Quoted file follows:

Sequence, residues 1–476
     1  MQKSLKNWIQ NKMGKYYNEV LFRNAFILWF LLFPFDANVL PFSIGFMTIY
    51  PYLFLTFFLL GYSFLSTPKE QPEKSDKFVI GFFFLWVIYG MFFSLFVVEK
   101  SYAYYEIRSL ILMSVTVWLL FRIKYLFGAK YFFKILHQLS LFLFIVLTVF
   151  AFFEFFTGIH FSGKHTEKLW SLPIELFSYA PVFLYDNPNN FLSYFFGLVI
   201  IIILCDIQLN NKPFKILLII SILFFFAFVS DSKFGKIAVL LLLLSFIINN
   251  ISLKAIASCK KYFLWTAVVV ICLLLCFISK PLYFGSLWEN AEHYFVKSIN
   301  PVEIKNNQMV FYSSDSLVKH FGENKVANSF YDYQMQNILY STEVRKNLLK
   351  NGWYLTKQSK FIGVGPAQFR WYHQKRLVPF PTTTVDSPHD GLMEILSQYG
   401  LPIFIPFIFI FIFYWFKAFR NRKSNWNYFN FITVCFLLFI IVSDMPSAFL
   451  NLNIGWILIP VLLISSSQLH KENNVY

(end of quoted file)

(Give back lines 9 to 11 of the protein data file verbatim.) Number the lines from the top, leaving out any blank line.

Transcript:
   351  NGWYLTKQSK FIGVGPAQFR WYHQKRLVPF PTTTVDSPHD GLMEILSQYG
   401  LPIFIPFIFI FIFYWFKAFR NRKSNWNYFN FITVCFLLFI IVSDMPSAFL
   451  NLNIGWILIP VLLISSSQLH KENNVY